I recall sitting at my desk in March of last year, with the COVID 19 pandemic’s impact starting to take hold and being told by surveyors and commentators that residential house prices would crash by 20%, possibly more. One mentor of mine, an industry doyen, said this will be like the property crash of 1973 again. As Managing Director of a Development Finance lender, I felt the cold winds of a housing crash, as we decided whether we should change our lending criteria, based on these warnings.
Here we are 18 months later and not a day goes by when I don’t read an article commenting on the surge in house prices. This is corroborated by our experience on the ground, where our borrowers are selling their completed developments in record time, at prices well above the levels we had originally valued the properties at. We are seeing houses selling off-plan or at the very early stages of the build. It is not unusual for there to be multiple offers from buyers, well over the asking price.
Our surveyors report the same is happening in other parts of the country. For example: double digit price rises in Nottingham, properties over £1 million in rural areas seeing 7% rises in the year to March and so on and so forth. Net mortgage borrowing was the highest in March 2021 than in any other month since comparable data began in 1993.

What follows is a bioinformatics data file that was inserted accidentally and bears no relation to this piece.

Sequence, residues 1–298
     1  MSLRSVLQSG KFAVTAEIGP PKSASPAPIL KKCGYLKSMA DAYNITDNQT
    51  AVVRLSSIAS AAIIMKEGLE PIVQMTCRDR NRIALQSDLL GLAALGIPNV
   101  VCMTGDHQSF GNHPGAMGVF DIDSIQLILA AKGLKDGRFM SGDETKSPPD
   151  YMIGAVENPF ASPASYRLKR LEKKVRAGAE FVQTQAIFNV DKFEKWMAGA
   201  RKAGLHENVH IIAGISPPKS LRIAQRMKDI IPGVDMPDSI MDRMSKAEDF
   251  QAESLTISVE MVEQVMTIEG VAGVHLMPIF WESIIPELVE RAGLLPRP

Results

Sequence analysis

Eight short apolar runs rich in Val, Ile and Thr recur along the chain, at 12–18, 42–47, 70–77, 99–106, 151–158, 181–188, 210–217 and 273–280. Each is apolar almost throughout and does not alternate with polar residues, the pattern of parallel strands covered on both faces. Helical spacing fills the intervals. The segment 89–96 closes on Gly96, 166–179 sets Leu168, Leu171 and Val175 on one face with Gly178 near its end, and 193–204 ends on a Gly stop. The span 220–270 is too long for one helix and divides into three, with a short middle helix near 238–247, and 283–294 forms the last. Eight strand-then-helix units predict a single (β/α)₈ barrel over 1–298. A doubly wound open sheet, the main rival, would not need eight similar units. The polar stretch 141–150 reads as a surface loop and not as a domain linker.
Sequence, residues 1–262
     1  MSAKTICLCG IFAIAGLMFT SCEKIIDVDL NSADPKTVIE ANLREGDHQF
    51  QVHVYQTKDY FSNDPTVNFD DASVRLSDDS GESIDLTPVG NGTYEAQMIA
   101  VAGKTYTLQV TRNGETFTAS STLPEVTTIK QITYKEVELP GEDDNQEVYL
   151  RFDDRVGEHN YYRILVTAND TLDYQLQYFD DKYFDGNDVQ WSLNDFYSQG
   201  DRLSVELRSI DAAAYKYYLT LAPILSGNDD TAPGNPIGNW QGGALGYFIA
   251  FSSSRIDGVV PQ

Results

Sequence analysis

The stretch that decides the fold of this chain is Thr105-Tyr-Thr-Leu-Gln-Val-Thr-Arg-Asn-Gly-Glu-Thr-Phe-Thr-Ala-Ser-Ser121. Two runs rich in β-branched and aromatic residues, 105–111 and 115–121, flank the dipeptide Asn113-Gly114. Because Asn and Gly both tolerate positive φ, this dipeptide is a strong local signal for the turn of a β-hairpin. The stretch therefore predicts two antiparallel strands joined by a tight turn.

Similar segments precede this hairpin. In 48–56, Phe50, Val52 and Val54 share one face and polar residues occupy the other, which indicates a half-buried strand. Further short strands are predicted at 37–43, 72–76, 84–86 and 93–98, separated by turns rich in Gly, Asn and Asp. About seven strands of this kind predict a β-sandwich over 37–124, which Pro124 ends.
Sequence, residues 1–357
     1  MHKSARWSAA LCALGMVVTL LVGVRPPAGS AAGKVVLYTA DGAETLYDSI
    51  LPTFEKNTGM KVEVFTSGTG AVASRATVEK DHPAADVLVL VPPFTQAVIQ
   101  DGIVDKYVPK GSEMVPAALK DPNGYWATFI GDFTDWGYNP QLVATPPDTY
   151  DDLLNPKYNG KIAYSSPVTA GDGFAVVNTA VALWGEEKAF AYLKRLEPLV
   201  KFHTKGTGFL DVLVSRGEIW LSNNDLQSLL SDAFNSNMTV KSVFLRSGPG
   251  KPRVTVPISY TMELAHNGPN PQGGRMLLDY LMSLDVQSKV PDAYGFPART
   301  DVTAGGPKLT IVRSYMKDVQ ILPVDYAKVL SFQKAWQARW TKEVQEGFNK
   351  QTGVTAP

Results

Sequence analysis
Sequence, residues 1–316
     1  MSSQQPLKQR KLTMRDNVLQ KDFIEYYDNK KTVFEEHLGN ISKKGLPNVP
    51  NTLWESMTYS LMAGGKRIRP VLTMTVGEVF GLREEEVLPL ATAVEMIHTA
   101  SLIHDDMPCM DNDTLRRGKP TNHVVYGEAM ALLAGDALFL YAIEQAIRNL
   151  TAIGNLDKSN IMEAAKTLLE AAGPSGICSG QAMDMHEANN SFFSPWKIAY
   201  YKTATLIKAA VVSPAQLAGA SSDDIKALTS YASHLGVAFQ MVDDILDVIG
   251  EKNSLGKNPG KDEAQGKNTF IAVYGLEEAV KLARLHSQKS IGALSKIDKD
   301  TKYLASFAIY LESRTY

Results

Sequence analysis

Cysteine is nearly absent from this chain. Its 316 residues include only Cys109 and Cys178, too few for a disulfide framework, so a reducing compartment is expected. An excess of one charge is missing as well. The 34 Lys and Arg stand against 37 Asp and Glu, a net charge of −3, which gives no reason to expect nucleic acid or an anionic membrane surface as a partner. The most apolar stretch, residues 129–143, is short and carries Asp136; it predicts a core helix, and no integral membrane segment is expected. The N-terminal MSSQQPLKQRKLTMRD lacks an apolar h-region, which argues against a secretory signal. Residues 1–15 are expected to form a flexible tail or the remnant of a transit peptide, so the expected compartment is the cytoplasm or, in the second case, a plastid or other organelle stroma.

The reasons for this market mania have been well discussed. Low interest rates, a chronic shortage of supply of quality housing and lifestyle changes, where buyers want more space and are prepared to move out of urban areas, have led to increased demand. Then throw in a stamp duty cut, a scheme to support 95 per cent mortgages for first-time buyers and then the human element, whereby the fear of missing out leads to increased prices. It becomes a self-fulfilling prophecy, with the media, estate agents and other parties commenting on the surging house prices and the record highs, which in turn leads to buyers worrying that time is of the essence.
My fears back in March 2020 thankfully have not come true, but I am concerned that the market is now overheated, and we could see a readjustment, next year. We will see the effects of the end of the stamp duty cut, the possible ending of quantitative easing and interest rate increases. My sense is that the euphoria will stop and there will be a pull back. Hopefully, I am wrong, but I always prefer to hope for the best but prepare for the worst.